When my bride and I returned from our recent trip, we allowed plenty of time to make the trek from hotel to airport — more than three hours, in fact. However, a series of unforeseen events conspired against us, making our schedule tighter and tighter with each progressive twist.
As each delay transpired, it became less likely that we would make our flight. I kept telling myself, “We will either make our flight or we will not; there’s nothing you can do about it.” Therefore, I might as well just relax and watch events unfold.
My sage advice, however, was easier to say than to do; it is more viable in theory than in practice. As the clock ticked down, I became more unnerved and on edge. Fortunately, airport security at MCO was smooth and efficient — despite me forgetting to discard the bottle of water from my carry on. (It was intended to enjoy with the breakfast that we had to skip.)
We arrived at the gate, breathless, haggard, and hungry, mere seconds before the call for final boarding.
As we settled into our seats, I tried to calm my frayed nerves. I was reminded of the fact that while we can’t control the things that happen to us, we can control our reaction to them. In fact, it is the only thing that we can control — and I have done a poor job of it.
A few months ago, in my post “The Work of Publishing Periodicals” I explained why I hadn’t blogged for awhile — for 21 days to be exact. (Prior to that, the dubious record was 14 days — see “The AWOL Blogger is Back .”)
In my entry, I blamed my absence from the blogosphere on attending a convention. First I was busy trying to work ahead in anticipation of being gone, then I was gone, and then I was catching up from being gone.
So what’s my excuse this time for an embarrassingly long, record-setting, four week absence? Another convention! This time it was the ATA (American Teleservices Association) convention in Orlando. It was a great event and time well spent, but once again, the ramifications of attending precluded time to blog.
It’s not that I don’t have anything to say, I do. I just haven’t carved out the time to do so.
Perhaps this blog will jump start that process — and if not, expect another long delay between posts!
There was a time when I traveled quite a bit. Nowadays, it is infrequent. As such when I do travel, I am always treated to something new, to a different way of doing things.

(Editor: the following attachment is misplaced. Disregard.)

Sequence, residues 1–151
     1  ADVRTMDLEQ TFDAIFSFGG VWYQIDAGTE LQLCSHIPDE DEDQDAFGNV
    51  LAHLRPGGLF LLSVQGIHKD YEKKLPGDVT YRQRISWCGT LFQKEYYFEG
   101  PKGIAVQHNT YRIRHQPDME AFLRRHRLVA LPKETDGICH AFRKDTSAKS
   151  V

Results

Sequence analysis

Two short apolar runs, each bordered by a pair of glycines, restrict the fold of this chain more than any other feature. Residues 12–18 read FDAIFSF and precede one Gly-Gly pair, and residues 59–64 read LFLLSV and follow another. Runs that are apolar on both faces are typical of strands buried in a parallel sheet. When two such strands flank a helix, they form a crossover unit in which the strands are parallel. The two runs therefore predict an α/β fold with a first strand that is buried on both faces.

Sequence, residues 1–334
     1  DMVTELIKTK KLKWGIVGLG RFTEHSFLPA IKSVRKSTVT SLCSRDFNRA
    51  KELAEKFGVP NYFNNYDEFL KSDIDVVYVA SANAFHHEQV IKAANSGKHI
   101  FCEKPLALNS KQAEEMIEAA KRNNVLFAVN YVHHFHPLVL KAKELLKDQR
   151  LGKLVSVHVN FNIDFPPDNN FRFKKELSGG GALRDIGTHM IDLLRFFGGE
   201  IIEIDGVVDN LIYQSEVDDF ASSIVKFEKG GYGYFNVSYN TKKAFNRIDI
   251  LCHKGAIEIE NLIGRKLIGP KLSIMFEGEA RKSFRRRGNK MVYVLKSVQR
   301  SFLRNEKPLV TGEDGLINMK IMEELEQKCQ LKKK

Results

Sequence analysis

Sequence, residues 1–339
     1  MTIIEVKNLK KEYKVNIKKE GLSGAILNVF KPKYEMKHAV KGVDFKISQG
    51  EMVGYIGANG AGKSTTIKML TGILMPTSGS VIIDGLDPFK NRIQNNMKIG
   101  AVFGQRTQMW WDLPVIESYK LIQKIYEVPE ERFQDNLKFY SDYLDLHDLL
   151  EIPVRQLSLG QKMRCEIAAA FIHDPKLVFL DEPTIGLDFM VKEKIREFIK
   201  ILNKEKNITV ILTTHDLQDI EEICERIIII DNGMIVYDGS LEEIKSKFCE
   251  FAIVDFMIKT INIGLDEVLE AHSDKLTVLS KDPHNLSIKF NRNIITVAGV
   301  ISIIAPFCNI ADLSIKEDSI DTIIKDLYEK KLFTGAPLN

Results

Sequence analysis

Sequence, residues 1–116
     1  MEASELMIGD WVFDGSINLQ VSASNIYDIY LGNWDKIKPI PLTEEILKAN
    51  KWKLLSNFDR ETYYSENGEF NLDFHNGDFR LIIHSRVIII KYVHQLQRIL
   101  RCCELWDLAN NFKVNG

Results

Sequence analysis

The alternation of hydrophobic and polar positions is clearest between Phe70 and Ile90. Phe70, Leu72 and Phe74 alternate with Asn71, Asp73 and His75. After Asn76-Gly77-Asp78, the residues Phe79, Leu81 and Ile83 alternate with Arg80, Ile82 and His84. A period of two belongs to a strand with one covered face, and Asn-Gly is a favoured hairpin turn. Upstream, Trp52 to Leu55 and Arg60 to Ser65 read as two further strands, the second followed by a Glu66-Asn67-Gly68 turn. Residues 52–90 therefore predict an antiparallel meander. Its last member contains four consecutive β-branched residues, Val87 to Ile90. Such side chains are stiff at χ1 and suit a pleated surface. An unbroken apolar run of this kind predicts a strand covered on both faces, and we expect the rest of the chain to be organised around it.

On my last flight, instead of the usual admonition of providing correct change for our various in-flight purchases, the new rule was no cash — credit cards only. The flight attendants were equipped with some nifty hand-held credit card terminals, complete with a self-contained mini printer. While this didn’t seem to quicken the speed of the transaction (if anything, it slowed it down), there are several benefits to a cashless process.
Most importantly, it is more sanitary. No longer must the flight attendants alternate between touching germ-laden cash and preparing our food.
Next, it is more convenient for passengers. I suspect that nary a passenger would be flying sans credit card, whereas some might be cash strapped. (I’ve been there a time or two). Having the correct amount is no longer an issue, plus for those on an expense account, a credit card makes it easier to track of purchases.
It is also more convenient for flight attendants. They no longer need to handle money and are no longer challenged in finding change for those who only have larger bills (I’ve been there as well).
Lastly, I suspect that people spend more when they use plastic. A case in point was my seatmate, who flashed her card four times during our three hour flight: twice for adult beverages, once for earphones, and a final time to eat (she actually bought two meals.)
Traveling still isn’t fun — but at least it’s interesting.
You may think that I was AWOL last week, having not posted anything since October 3. Actually, I have been extremely busy. At the beginning of last week, I was at the ATA (American Teleservices Association) convention in New Orleans. It was a great convention, but the preparation for the trip, the travel, and the recovery from being gone have pre-occupied me for several days. After working all day Saturday, I thought I was caught up, only to realize this afternoon that I had overlooked an important task on Friday. Although that is now complete, I am behind from the things I should have done this afternoon.
Regardless of all that, here are some travel related thoughts:
- It took two hours to fly from Chicago to New Orleans — and then two hours to get from the airport to my hotel.
- A pre-flight announcement shared that the plane’s restrooms would not be available for the two-hour flight. There is nothing like being told that there are no restrooms to convince you that you really need one. After de-planing to use the airport facilities, we were told that the plane’s bathroom issue would be resolved before takeoff.
- United’s check-in kiosk tried to upsell me twice. First, five more inches of legroom for $39 (as I recall) and then something else for $19. Someone in a hurry could unwittingly press “yes” to either option in their haste to obtain tickets.
- United also lacked the option to purchase a “snack.”
- In contrast, Continental gave me a snack on the return flight. What a pleasant surprise — and quite satisfying as well.
- Like every hotel room I’ve stayed in, this one also wasted water: a dripping faucet and leaking “flapper valve” on the toilet. If every room is likewise functioning, I wonder how much water is wasted annually.
- I lacked change to tip the shuttle bus driver. Thinking I was being clever, I asked if he had change for a five — he offered me two ones. I’m not sure if he was mathematically challenged or just greedy. Actually, I do know; how sad.
Anyway, that is the saga of my travels; thankfully a wonderful convention and lots of great people there, made it all worthwhile.